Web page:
It's a long time since I read a book that I almost totally disagreed with. The author seems to have concocted a theory that sorrow is the path to rule and authority in the Glory. This is the theme of the whole book. The suffering saint is not to waste his sorrows but use them as a means of getting himself promoted through the ranks. Of course he supports his theory from various texts of Scripture - but taken out of context a verse can be made to mean almost anything - but fails to prove his case.
Right at the start the author attempts to lay a sure foundation for his future case by such syllogisms as the following: "There is no love without self-giving. There is no self-giving without pain. Therefore, there is no love without suffering." But it doesn't add up. The equation is not equal. Self-giving does not of necessity cause pain. Self-giving is a delight, a joy, and gives pleasure to so many.
Later in the book the author builds up his theory by suggesting that the greatest saints have been those who have suffered - and he quotes such people as Madam Guyon - but he fails to deal with the great men and women who didn't suffer. From this he develops his theme of brokenness: that the totally useless person - the broken person - is the one who God takes up and uses, and here he tries to link this with suffering, so that eventually he makes the following statement: "If God cannot shape one for his distinctive place in eternity without affliction, may this not explain why many people continue to suffer physical illness in spite of long continued prayer for healing?" Then he goes on: "Many wonder why, when a person seems most ready for fruitful service, God summons him home. This makes no sense unless God's purpose in life is not primarily for service in time but for God's eternal enterprises. God has used the circumstances of life, whether joy or sorrow, pleasure or pain, success or failure, to mature him for his exalted role in His future kingdom. When God has achieved this, there is little point in leaving him here any longer."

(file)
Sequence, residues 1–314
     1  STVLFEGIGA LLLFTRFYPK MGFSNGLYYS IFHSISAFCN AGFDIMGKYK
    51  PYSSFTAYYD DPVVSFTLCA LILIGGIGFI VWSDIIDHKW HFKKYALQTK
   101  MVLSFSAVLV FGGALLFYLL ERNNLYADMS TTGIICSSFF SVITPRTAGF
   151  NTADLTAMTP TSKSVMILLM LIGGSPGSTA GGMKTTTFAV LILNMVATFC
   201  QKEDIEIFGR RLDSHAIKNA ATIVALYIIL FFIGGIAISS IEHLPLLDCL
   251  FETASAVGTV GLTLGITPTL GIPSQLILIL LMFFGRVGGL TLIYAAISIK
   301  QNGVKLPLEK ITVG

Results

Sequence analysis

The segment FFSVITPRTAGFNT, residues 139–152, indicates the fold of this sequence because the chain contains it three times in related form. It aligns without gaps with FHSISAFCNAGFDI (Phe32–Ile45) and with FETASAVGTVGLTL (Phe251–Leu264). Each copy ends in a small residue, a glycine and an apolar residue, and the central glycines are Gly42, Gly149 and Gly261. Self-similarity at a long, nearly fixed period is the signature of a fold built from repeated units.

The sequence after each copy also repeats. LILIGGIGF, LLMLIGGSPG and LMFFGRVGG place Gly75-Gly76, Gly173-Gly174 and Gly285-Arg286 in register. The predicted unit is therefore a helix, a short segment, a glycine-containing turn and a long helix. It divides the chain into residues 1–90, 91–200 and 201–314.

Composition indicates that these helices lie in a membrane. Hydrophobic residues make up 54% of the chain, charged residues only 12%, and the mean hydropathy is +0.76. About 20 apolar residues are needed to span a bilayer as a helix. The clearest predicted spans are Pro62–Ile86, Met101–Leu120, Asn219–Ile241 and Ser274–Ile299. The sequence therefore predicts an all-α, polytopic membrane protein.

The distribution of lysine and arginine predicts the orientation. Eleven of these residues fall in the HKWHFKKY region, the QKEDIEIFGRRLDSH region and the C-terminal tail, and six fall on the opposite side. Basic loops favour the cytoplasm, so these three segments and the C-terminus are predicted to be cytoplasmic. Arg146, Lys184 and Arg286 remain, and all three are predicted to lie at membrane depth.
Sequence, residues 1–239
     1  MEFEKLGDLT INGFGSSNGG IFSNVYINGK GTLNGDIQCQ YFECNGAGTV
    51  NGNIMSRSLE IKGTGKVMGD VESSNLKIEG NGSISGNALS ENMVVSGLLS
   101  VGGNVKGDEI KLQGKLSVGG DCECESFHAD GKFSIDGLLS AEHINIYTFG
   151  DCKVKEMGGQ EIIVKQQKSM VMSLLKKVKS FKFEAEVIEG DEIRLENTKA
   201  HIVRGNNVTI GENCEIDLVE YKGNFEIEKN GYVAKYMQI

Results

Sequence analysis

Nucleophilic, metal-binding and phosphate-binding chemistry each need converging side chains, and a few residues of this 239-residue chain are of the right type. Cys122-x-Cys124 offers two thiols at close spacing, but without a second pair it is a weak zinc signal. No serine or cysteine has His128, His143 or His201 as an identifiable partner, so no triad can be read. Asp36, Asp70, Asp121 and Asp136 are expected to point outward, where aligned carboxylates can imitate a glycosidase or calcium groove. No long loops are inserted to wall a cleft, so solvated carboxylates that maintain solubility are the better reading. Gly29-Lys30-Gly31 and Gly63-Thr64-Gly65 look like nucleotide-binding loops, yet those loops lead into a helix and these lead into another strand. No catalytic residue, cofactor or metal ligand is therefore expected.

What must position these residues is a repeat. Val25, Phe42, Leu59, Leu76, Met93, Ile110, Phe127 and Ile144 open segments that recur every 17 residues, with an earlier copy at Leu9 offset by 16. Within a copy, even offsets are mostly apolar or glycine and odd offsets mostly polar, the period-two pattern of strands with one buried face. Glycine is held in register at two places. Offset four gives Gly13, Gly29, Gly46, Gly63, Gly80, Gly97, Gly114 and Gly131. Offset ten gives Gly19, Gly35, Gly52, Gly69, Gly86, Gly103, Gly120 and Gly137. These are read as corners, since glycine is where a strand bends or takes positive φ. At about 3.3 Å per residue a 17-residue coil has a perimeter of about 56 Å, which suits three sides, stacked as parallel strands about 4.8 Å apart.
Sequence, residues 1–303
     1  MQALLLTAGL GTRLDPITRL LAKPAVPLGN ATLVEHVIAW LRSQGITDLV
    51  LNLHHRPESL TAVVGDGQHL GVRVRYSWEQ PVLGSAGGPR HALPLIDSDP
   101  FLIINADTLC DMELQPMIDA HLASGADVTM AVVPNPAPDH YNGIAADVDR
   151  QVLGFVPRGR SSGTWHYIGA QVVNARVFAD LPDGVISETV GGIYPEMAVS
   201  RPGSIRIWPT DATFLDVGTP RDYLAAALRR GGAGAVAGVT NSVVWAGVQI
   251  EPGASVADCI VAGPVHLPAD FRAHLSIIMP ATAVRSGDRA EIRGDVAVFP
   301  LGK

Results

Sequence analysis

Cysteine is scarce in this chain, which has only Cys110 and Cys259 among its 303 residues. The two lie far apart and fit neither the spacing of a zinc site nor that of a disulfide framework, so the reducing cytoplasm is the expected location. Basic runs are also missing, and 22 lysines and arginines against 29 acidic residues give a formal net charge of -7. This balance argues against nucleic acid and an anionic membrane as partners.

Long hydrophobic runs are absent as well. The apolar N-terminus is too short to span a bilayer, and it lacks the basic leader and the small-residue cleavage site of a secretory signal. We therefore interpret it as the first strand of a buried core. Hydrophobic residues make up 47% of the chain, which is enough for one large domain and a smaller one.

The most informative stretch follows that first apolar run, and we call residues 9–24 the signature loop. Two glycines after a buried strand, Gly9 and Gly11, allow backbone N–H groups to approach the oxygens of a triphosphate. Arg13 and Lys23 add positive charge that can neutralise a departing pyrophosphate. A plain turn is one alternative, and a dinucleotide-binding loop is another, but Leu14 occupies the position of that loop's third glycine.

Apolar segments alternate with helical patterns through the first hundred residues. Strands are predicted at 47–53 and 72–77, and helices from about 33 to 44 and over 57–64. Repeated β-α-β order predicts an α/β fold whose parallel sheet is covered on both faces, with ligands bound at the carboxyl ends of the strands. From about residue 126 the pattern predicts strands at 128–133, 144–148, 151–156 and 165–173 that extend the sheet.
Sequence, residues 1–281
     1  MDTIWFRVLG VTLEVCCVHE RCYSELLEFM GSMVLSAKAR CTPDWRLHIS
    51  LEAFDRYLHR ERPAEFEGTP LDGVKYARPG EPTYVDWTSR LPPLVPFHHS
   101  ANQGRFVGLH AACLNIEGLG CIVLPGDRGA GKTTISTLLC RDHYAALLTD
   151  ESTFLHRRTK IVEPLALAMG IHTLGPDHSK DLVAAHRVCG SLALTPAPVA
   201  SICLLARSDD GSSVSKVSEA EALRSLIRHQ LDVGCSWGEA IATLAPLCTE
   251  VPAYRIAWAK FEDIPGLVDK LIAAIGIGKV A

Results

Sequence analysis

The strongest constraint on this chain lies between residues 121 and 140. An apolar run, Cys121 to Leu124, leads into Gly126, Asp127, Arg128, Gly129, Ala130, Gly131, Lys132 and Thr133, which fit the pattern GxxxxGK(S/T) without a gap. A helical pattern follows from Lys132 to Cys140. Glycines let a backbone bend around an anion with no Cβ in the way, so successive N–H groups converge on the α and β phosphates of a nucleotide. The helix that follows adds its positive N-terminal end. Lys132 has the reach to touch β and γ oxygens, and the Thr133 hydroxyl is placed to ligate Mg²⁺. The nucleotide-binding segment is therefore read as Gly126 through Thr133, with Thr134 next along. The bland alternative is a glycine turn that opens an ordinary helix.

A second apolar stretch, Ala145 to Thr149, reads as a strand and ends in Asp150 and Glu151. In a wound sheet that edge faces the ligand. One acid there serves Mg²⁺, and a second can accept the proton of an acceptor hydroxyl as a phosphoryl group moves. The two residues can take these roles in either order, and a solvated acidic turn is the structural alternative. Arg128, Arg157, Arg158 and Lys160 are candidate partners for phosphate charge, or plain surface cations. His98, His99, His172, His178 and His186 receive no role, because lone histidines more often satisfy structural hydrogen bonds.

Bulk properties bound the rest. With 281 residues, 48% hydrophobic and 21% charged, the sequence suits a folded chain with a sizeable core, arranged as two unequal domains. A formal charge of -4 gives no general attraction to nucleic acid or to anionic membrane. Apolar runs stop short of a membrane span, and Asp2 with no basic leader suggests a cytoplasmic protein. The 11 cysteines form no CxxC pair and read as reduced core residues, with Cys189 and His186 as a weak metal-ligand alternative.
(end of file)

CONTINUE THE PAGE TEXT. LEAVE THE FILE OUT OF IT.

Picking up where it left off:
Such a statement seems hard to reconcile with the very many godly men and women who have lived to a great age. According to the author they only stayed here because they were not mature in love. And, of course, it follows that God was able to mature people quicker years ago because they died at an earlier age!
Finally, the author puts such stress on the benefit of suffering injury from others that the logical conclusion ought to be that Christians should go out of their way to be unkind, etc., to others as this will help their maturity - and thus quicker promotion for them through the ranks in heaven.
An unhelpful book to say the least!...Continua